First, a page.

Marketing

What real estate can learn from a shoe peddler

Author
Marc Davison
No.
254
Date
09/22/08

Zappos is the leading online shoe site. They are a customer service-driven organization that has received a ton of business from my household the past couple years. But what concerns me here is the online experience, which is simply fantastic.

What makes Zappos great

It’s simple in my mind. I’ll use real estate language to explain it:

  1. The “MLS” — Zappos — easily mingles inventory from a vast array of shoe “brokers” across borders through a brilliantly executed public search site.
  2. The brokers who supply the inventory also supply awesome pictures and great content to merchandise their products.
  3. Consumers are allowed to participate and contribute reviews solicited by the “MLS” on behalf of the “brokers.”

Zappos’ greatness is a result of this trinity of contributors working harmoniously, each vested in a common end result – a successful transaction.

Here, everyone wins.
Hard work in and great results out.
This is what it’s about.

 

What makes real estate search not so great

It’s simple in my mind:

  1. The MLS (most, anyway) won’t mingle inventory from the vast array of brokerages across borders resulting in a less than useful search experience.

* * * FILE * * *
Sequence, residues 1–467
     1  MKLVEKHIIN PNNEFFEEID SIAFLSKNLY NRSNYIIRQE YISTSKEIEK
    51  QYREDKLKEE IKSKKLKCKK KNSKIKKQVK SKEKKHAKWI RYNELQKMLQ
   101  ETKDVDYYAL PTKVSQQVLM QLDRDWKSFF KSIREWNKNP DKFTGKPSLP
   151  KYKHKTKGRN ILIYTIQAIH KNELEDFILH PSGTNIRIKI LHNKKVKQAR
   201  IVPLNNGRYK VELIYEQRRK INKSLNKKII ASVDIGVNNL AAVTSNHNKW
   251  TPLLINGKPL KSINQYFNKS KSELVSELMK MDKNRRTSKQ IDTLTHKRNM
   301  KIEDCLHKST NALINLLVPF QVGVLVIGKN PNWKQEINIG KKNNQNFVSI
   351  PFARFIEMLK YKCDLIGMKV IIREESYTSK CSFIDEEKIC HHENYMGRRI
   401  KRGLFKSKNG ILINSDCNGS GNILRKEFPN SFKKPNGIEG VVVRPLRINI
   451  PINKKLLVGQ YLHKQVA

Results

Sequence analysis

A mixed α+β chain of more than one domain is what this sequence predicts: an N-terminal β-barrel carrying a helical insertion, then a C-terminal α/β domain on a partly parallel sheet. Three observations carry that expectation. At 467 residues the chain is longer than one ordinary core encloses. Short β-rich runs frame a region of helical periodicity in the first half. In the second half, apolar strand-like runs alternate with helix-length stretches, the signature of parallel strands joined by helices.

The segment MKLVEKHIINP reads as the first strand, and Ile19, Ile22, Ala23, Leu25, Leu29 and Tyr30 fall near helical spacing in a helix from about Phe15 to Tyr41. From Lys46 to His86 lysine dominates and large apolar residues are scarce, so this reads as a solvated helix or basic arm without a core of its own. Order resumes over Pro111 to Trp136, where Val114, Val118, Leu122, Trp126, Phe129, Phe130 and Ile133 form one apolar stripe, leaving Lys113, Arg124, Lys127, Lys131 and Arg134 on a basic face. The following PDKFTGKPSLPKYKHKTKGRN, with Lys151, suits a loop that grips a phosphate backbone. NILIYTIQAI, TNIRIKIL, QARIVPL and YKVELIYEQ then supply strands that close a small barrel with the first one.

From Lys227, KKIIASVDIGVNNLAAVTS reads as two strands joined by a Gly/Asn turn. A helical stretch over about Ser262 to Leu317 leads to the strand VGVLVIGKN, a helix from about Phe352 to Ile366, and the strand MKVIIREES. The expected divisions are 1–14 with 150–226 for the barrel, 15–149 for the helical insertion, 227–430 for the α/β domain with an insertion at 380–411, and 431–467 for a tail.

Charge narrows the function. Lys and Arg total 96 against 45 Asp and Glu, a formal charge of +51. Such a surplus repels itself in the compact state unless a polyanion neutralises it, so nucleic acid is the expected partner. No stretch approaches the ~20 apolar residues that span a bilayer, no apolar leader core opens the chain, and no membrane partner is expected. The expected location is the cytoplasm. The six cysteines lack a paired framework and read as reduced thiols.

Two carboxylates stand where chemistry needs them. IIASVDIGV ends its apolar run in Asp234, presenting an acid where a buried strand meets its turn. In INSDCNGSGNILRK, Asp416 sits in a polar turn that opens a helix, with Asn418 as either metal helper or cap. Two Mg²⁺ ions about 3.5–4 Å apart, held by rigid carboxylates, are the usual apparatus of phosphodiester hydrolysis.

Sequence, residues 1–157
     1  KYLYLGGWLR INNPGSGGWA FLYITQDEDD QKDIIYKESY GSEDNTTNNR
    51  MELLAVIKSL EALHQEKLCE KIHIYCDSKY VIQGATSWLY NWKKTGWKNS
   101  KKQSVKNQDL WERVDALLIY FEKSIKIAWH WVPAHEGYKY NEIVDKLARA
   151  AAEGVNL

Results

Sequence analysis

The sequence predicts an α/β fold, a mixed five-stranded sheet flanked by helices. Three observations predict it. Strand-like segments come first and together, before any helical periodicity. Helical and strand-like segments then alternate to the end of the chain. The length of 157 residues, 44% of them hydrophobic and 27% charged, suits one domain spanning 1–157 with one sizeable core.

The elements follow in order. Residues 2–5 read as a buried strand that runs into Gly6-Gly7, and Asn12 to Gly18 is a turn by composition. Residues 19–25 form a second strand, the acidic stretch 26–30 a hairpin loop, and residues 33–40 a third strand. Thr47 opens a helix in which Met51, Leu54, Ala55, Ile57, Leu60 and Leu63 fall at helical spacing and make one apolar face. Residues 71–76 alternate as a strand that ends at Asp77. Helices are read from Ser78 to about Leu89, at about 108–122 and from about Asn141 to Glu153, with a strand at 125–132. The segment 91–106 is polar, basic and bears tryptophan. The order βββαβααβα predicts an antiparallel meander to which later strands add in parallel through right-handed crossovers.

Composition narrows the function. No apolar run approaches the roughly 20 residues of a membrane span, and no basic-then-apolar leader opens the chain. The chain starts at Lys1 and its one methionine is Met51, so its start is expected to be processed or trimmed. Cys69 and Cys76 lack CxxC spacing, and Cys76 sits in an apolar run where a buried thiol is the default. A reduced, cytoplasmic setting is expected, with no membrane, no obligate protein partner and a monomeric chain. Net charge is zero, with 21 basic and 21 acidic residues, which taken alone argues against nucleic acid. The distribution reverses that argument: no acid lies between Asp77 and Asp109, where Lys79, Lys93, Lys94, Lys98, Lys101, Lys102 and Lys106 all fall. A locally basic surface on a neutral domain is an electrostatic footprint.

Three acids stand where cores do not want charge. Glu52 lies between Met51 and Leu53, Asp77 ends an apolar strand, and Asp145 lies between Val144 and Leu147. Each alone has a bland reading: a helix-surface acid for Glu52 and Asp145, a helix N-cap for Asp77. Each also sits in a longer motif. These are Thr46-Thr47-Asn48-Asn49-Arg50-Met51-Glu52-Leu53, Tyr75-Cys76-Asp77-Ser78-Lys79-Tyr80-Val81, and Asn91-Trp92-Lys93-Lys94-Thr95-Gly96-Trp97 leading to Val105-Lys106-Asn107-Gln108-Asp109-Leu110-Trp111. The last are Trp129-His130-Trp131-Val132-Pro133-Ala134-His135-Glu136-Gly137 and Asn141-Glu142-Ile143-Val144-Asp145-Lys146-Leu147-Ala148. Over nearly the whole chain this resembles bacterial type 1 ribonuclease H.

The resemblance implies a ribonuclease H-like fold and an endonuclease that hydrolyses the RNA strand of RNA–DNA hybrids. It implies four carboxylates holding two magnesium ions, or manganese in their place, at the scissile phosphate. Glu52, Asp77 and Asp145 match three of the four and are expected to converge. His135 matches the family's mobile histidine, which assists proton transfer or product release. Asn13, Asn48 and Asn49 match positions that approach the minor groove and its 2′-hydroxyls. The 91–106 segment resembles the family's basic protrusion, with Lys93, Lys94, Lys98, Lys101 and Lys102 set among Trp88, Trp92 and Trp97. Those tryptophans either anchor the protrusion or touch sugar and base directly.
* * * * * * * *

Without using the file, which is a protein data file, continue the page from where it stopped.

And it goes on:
2. The brokers don’t, can’t and won’t supply awesome pictures and great content needed to properly merchandise their products.
  3. Consumers are never solicited for reviews by the MLS on behalf of the brokers because they fear this content.

Here, there’s no winner.
Laziness in. Nothing great out.
This is what it’s about.

 

Online real estate will never fulfill its promise if real estate’s three participants don’t all step up to the plate.

Real estate talks a great game. But comes up short when it counts.

It’s nice how everyone throws around the word “consumer,” but meanwhile it’s almost 2009 and people still can’t search across MLS borders on most broker websites. Instead, they need to go outside real estate to do it. And while they might be able to look at homes on those sites, they can’t source the critical knowledge about homes and neighborhoods because it’s locked away inside the MLS, the brokerage and the minds of local residents. If real estate really cared about the consumer, this problem would be history.

It’s cool that a few MLS’s in the Bay area poured some celebratory bubbly over a decision to merge data. But the cheers are ten years too late. And the time just keeps tick-tocking away.

Zappos does it right.
It matters not that they sell shoes. 
That’s not the big picture.

Davison